The other day as we wended our way down the hill towards our house, wrapping up a walk that, for some reason, had caused Katy-the-Wonder-Dog many fearful pauses, the afternoon sun broke through the clouds, and we had something more than a walk.
I wanted to step up the pace for the last quarter mile and burn some calories. Katy decided sunny dirt was more worth sniffing than cloudy dirt. We trotted and paused a few times and then as the sun sank closer to the mountain across the way from us, she stopped and sniffed the air.
“Katy, ” I coaxed. She ignored me, closing her eyes and turning her face to the sun and the mountain. I noted the line of light highlighting her and sank down to take a picture, but before I could tap the shutter button, I felt the sun on my face and closed my eyes for a moment too.
The walk had been cross training. It had been a bathroom break. It had been huffing and puffing. Now, in the slightly warmer sunny air, it was something better. I opened my eyes to see Katy still meditating (if dogs meditate) on the sun and the sounds of the dozens of seasonal streams that were flowing down the mountains.
It was as if someone had gently said, “Stop.” Stop, for just a moment, worrying about being able to run 3 miles or pay bills tonight or find time for everything on your list and get centered.
A dog down the hill barked, and Katy’s head turned in that direction. I started the trot toward home and to-do’s again utterly unperturbed by the length of my list and committed to finding time to get centered more often.
“That looks like fun,” I said, pointing to the placard for the upcoming Bondville fair. The Big Guy barely registered heard me over the din emanating from the diner into the waiting area, and I let it go. There was already a circus waiting for us at home.
We had come home from vacation the night before already a little deflated from a two hour delay on our train ride, but we were still looking forward to a family evening of sloth on the couch. Then thirteen-year-old Jack began yelling from the bathroom, and our homecoming was upended.
I got to the end of the hall just as Jack raced out of the bathroom, his legs dotted with fleas. Our dog, still at the kennel for the weekend, had left the larvae as a welcome home gift. Without a furry nest, the pests targeted each of us as we entered. Fortunately, the upstairs of our house was still closed off and flea-free and, doffing our clothes downstairs, we scuttled out to the car for a hose down and wardrobe change before plotting our next steps.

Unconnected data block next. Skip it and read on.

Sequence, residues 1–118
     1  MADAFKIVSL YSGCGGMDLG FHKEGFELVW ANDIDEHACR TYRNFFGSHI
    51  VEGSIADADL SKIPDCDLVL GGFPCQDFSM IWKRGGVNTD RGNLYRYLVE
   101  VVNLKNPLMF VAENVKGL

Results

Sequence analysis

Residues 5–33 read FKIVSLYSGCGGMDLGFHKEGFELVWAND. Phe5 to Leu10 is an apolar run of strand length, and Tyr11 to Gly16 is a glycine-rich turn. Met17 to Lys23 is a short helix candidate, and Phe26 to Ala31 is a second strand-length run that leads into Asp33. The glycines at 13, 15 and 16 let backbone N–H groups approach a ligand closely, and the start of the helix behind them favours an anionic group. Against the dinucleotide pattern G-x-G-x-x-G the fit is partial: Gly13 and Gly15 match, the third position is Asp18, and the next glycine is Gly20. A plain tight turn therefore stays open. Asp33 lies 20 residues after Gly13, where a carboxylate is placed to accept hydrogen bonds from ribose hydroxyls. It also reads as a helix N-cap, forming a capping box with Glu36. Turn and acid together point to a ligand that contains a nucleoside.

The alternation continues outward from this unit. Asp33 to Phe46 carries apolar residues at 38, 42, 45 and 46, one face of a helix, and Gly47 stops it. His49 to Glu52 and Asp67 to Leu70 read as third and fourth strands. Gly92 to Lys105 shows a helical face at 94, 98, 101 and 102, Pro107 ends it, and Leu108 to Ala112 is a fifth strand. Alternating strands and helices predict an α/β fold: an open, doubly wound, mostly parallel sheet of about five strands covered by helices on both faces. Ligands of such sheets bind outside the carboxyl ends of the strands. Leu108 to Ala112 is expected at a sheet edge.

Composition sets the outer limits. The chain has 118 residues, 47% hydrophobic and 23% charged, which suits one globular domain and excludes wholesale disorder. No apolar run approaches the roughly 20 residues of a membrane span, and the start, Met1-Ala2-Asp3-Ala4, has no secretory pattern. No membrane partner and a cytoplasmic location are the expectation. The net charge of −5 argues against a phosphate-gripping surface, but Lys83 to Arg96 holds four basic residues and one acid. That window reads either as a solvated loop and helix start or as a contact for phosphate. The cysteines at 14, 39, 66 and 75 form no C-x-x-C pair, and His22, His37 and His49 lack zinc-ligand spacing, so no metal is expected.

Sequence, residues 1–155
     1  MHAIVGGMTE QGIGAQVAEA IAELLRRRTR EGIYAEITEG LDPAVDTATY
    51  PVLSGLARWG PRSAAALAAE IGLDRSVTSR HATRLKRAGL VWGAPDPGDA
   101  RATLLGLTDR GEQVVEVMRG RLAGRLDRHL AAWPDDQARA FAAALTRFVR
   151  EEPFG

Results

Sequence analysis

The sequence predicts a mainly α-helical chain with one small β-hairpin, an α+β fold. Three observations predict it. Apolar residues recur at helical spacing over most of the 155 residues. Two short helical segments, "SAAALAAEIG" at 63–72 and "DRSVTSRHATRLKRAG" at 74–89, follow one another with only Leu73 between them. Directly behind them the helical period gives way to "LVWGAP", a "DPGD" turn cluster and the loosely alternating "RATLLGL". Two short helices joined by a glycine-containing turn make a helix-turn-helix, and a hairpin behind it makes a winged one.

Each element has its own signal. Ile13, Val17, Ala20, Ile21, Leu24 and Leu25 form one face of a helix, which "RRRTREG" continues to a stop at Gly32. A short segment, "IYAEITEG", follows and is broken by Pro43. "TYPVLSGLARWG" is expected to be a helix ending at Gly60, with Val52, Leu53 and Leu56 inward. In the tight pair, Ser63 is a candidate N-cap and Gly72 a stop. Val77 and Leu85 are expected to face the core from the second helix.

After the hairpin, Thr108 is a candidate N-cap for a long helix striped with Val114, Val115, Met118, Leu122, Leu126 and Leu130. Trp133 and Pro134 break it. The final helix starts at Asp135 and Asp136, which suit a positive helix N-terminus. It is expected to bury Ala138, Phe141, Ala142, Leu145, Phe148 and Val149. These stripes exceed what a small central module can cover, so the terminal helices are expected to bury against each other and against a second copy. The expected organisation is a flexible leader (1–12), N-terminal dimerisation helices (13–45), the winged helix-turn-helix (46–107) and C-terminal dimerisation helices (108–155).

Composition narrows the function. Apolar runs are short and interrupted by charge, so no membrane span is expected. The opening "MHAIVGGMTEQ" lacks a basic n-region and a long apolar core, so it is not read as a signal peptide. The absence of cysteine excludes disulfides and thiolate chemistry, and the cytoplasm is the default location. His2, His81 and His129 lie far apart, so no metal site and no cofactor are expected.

Hoping that Google satellite didn’t work too well by twilight, I rummaged through my bag for a clean pair of jeans as the Big Guy and I debated who would carry the best flea remedies at eight o’ clock on a Saturday night. Three hours and four stores later, we rolled back down the driveway armed with fogger and traps and a strategy, but the vacation aura had seriously begun to fade.
We spent the night camped upstairs, slapping at phantom fleas. I woke early on Sunday and went for a run, hoping to restore some of the restorative I’d been creating over the last two weeks. Returning home refreshed, the Big Guy and I commenced the first battle of the day – fogging the fleas. The need to get out of the house for a few hours was the perfect excuse to head to the diner for our favorite breakfast, and my spirits continued to rise. I knew we had a day of laundry and cleaning ahead of us, but nothing is quite as restorative as a meal with no dishes to do.
Then we walked in the the door.
Almost immediately, I was assaulted by the little vermin. Yelling to the kids to stay out of the house, I forgot about restoring sprits and began collecting washables while the Big Guy vacuumed up the pests – dead or alive. For three hours we cleaned and scrubbed, preparing another round of fogger and traps. All through the day we laundered and cleaned and vacuumed, and it was dark again before we cautiously declared “Mission Accomplished.” It was a dubious victory – I had cleaned before the vacation, and a day of scouring left us with basically the same house, minus the invaders. The fleas had rallied once or twice, but by the time we sat down for dinner, any itches were caused by our imaginations.
More licentious than the itching, however, was the impact a day of hard labor had had on our moods – or so I thought. Our previously-planned evening of sloth began late, but our boys were still ready for a snuggle on the sofa. The Big Guy and I were starving and exhausted, but quietly pleased with ourselves. More than once during the day we had remarked to each other that we make a good team, and that’s not something you always discover on vacation. It’s something you find out when you’re standing in your underwear the middle of your driveway, frantically trying to find some peace in the chaos.